Let's get started. You want to plan a trip in the Bahamas, sailing the pirate's routes to explore the bays and islands they called home. It goes without saying, that a certain experience is required to captain your own boat. However, other great options are also available if you feel your sailing resume may not be ready for a bare boat adventure. For one, you can rent a sailboat with captain and crew. You will be learning the finer points of sailing, while discovering the islands in a safe and controlled environment. Or, if you're looking for a guide to show you round the Exumas, you can join a flotilla of several boats that is headed by a lead captain. Whichever option you choose, the experience is guaranteed to be unforgettable.
Now that you have selected the type of rental or charter that suites your experience, the date is the next step in your adventure. The Bahamas are at the same latitude as South Florida, so choose your dates with this in mind. December and January are cooler than February through May. The average temperature in winter runs between 78F to 90F in the day and 65F to 75F in the evening, which is very comfortable for all activities. The winter months do have the unfortunate temperature swings, with occasional cold fronts. These cold fronts last for three days and bring cooler temperatures, strong winds, and higher seas. The advantage of winter months, which brings me back each year to the Exumas, is the low concentration of tourist. The Cays are your private playground during the winter. The best anchorages are empty, allowing you the feeling of being alone in the world... If a winter trip to the Exumas is your choice, a strong knowledge of sailing, under all conditions, is highly recommended.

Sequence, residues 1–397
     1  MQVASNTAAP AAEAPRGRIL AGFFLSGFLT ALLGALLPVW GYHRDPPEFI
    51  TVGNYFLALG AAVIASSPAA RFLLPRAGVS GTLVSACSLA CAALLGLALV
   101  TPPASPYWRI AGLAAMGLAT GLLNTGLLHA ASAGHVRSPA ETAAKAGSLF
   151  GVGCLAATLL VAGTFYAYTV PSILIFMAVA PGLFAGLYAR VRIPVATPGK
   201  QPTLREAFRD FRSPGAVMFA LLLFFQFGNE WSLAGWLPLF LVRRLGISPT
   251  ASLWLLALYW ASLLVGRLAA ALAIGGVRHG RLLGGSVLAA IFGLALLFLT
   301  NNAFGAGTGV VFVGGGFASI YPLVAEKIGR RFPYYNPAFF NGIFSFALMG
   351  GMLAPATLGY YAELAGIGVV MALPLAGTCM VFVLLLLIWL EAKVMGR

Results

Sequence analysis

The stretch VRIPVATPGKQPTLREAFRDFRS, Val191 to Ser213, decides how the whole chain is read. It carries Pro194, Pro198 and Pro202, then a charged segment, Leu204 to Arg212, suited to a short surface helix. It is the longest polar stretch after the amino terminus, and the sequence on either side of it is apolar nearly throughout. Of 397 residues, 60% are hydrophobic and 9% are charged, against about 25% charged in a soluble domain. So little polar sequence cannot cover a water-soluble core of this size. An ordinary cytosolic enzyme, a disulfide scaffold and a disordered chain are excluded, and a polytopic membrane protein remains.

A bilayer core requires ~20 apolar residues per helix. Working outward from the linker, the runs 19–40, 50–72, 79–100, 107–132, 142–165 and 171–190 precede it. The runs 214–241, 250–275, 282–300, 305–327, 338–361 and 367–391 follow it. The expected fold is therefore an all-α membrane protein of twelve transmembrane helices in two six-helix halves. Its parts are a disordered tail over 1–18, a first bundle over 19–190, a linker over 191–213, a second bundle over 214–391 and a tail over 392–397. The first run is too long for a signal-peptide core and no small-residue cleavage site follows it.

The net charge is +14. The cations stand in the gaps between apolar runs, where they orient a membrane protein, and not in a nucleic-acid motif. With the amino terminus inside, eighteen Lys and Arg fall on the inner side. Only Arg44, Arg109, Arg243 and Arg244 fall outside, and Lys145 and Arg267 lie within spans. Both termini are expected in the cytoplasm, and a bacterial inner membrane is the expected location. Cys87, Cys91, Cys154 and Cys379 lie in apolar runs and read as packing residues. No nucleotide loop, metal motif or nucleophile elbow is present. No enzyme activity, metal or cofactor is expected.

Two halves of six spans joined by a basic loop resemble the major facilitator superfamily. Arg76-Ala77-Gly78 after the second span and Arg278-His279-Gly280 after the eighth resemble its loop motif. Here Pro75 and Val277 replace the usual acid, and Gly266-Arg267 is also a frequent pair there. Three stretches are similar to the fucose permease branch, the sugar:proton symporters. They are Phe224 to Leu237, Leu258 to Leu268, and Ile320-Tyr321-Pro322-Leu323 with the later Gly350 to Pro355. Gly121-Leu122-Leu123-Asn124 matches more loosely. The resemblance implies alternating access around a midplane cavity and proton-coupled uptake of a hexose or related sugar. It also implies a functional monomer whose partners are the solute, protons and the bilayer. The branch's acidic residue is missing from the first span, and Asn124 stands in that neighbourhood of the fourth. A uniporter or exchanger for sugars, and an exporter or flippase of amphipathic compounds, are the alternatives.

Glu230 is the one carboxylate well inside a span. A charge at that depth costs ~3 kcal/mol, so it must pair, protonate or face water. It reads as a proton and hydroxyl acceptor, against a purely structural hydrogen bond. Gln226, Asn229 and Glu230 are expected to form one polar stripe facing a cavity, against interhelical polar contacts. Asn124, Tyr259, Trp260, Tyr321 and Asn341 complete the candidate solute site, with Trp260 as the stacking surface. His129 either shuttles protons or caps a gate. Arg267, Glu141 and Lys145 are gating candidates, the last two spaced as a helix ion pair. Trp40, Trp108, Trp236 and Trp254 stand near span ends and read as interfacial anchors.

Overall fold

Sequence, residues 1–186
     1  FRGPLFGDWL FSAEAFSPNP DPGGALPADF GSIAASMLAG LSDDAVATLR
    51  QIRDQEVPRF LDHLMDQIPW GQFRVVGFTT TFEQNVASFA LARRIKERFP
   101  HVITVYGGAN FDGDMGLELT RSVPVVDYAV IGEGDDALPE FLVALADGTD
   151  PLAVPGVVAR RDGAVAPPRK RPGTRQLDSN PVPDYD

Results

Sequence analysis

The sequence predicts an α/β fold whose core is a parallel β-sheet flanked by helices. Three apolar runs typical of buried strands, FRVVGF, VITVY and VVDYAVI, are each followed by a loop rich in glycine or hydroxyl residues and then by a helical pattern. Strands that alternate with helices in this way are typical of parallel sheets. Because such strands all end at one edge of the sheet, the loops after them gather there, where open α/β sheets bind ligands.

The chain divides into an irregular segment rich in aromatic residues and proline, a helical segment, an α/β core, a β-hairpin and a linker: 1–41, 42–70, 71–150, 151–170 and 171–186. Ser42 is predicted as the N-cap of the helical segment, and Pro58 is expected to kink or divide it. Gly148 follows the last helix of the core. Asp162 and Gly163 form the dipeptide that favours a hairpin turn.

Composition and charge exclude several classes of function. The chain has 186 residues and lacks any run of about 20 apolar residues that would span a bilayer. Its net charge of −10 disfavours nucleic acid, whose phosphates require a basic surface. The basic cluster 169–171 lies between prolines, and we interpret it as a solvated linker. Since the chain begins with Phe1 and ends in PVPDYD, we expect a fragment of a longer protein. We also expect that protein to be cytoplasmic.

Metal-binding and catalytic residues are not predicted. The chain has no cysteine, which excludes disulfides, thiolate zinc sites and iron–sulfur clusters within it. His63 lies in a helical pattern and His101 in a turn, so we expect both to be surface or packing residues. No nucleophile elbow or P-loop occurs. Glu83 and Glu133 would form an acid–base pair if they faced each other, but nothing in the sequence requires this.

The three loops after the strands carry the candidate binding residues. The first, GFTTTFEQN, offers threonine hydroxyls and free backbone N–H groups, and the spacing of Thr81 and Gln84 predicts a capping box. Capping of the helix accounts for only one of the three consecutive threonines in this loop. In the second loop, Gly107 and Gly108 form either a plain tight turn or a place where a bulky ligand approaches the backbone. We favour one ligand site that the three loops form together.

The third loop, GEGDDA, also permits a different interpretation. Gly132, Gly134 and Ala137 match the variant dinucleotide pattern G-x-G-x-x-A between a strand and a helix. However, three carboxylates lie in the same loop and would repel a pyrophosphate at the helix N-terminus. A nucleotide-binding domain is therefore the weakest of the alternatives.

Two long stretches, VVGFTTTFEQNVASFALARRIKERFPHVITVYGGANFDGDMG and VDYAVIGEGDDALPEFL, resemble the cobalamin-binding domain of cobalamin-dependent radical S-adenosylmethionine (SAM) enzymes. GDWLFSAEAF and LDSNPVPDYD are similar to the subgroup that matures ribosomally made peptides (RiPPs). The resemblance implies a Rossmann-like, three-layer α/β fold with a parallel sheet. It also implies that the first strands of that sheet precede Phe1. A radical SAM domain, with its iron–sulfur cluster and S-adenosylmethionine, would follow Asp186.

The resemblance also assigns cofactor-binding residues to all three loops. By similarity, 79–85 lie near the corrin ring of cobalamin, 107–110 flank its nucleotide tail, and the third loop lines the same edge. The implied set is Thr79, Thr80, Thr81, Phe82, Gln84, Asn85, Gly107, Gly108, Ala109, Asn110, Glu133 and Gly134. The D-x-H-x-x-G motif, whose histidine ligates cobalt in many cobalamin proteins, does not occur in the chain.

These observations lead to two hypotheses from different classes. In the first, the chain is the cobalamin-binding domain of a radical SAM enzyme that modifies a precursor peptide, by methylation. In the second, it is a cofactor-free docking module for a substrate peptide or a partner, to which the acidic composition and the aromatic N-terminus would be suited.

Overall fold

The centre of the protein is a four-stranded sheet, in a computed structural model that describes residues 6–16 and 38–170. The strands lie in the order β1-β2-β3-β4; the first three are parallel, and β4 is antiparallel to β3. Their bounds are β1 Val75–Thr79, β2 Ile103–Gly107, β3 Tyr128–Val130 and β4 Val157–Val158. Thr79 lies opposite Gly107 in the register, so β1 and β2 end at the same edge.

Now you have chosen the date of your adventure, other questions must be considered. How long a trip can you offer yourself? My personal recommendation is 10 to 14 days. This gives you and your crew time to stop and smell the roses. You will be exploring a breathtaking paradise with many secrets to discover, so take the time to appreciate the Bahamas. Plan to visit fewer Cays, and you will enjoy the adventure much more. The Exumas have been there for millions of years, so leave some for your next voyage. Remember, it takes a day of travel to get to Nassau and a day to get back. If you plan on a 7-day vacation, you will only have 5 days left to enjoy this wonderful paradise.